Exercising legs while having dialysis boosts toxin removal from blood: study
Provided by: Canadian Press
Written by: SHERYL UBELACKER
May. 11, 2006
TORONTO (CP) - Exercising while undergoing dialysis appears to improve removal of toxins from the body and increase physical stamina for patients with severe kidney disease, a Canadian study has found.
The five-month study by researchers at Queen’s University found that patients who took part in a total of one hour of lower-extremity exercise while sitting in a dialysis chair showed a 20 per cent increase in the amount of urea removed through their blood and were able to walk significantly farther in a standard stamina test.
Urea is a toxic byproduct from the metabolism of protein and is used as a marker for up to almost 100 possible toxic substances that build up in the body due to kidney failure.
Hemodialysis takes over the key jobs performed by healthy kidneys - cleaning the blood of toxins and extracting excess fluid that would normally be voided as urine. The three-times-a-week procedure, which circulates blood through the dialysis machine and then back into the patient, takes about four hours per session.
"The standard saying is: ‘What goes in, stays in,’ " principal researcher Cheryl King-VanVlack said of the effects of kidney failure. The buildup of toxins and excess fluid - especially in the 48 hours between dialysis bouts - can damage almost every organ system in the body, including the heart, blood vessels, muscles and the nervous system.
The resulting condition is known as uremic syndrome and it can halve a person’s capacity to perform physical activities, for instance, making it difficult to walk up stairs without puffing, she said.
“Therefore, it’s very essential in order to maintain as optimal a physical function as you can to try to have an exercise program,” King-VanVlack, chair of graduate studies in rehabilitative science at Queen’s, said from Kingston, Ont.
Exercising while undergoing dialysis not only increases stamina and helps stave off the nasty effects of uremic syndrome, it also gives often-bored patients something to do while stuck in the dialysis chair.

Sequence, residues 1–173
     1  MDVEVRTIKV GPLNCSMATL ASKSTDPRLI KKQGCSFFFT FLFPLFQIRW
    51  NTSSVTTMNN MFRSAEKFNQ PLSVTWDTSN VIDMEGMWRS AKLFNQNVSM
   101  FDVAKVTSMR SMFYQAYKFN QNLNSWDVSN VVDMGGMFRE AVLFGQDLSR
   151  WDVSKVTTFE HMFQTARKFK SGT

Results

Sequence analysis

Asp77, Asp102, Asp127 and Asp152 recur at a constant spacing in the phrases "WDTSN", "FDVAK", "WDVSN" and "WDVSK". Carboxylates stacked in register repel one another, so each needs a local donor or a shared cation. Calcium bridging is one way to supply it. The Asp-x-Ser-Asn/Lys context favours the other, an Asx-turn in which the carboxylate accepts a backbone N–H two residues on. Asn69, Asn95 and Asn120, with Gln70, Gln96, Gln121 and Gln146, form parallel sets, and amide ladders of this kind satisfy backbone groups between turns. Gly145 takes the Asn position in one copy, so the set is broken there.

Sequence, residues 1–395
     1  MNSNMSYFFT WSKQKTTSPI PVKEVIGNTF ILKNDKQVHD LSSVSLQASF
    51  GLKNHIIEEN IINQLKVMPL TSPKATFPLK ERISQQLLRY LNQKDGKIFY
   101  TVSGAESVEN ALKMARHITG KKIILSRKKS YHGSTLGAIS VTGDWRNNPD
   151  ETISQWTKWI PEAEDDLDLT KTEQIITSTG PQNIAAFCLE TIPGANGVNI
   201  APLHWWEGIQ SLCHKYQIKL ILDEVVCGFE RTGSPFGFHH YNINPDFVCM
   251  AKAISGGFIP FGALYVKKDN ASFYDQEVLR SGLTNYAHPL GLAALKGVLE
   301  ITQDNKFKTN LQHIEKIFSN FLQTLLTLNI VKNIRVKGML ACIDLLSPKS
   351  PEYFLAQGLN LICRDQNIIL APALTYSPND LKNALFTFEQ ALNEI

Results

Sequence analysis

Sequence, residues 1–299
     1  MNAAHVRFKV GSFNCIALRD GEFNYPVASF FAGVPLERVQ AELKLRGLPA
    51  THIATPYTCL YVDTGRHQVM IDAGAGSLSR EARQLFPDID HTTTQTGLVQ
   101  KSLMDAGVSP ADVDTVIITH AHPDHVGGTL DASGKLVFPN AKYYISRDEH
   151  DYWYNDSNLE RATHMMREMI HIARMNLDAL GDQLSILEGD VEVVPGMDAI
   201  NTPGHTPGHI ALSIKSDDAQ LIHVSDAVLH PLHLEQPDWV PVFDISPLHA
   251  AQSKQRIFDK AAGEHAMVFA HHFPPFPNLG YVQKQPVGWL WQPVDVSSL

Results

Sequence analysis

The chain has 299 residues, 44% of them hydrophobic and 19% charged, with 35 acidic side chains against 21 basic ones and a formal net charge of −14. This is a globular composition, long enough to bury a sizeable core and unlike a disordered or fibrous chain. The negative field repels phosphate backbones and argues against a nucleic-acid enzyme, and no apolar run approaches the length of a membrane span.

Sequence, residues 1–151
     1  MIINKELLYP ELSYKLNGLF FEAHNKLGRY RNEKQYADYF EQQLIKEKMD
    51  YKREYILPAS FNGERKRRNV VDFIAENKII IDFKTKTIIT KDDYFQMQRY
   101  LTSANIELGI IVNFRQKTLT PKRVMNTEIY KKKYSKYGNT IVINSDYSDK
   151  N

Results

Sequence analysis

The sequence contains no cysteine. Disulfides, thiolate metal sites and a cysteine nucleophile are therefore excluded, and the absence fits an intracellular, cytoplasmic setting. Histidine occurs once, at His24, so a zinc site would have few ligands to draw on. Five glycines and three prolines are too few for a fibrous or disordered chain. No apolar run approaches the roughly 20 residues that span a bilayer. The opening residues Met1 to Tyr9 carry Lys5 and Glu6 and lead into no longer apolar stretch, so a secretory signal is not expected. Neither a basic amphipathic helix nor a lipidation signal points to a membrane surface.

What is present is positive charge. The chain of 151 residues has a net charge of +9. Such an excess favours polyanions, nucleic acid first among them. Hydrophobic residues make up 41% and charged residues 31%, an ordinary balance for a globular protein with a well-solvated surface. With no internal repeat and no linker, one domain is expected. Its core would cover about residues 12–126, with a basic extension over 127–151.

The Queen’s study involved 13 men and women in their early 20s to 80s, who exercised their legs three times a week on special stationary “bikes” or mini-steppers that were placed in front of their dialysis chairs, said King-VanVlack. The exercise was done for 30 minutes in each of the first two hours of dialysis, when patients were strongest.
King-VanVlack said that during exercise, blood flow through the tissue increases, opening up capillaries and providing a greater surface area for exchange of substances from tissue to blood. That allows more toxins to be removed.
Physical function and stamina also improved for participants. In standard endurance tests - in which a person walks as fast and as far as they can in six minutes - the distance patients were able to achieve rose by 14 per cent.
In a previously published paper looking at patient perceptions of the exercise program, one participant said “it gives you more stamina, more strength in your legs,” while another reported: “I definitely feel stronger . . . it’s a lot easier for going up stairs, just doing anything, I know I have a lot more strength.”
About 15,000 Canadians were on hemodialysis at the start of 2004, the Kidney Foundation of Canada, quoting the latest figures available, says on its website. That figure represents a doubling of cases since 1993; the number is predicted to double again in the next decade, due in part to a rising epidemic of potentially kidney-destroying Type 2 diabetes.
Commenting on the study, Toronto nephrologist Dr. Sheldon Tobe said that although the number of participants was small, the results are clinically significant.
“It shows us a way that we can actually improve efficiency of the dialysis procedure,” said Tobe of Sunnybrook Health Sciences Centre, who was not involved in the study. “It shows us that we can make our patients healthier and it does that all during a period of time when a patient is just sitting there tied to the machine, really not able to do much.”
Tobe believes the results, along with the findings of other studies, are enough to recommend that hospitals consider equipping dialysis units with sit-down exercise machines.
Creating space and equipment costs could pose some financial barriers, but the benefits would be worth it, he said.
“If we make (patients) stronger . . . that’s been correlated with fewer falls; fewer falls means fewer broken hips,” which represent a far greater drain on health-care resources and patients’ quality of life, Tobe said.
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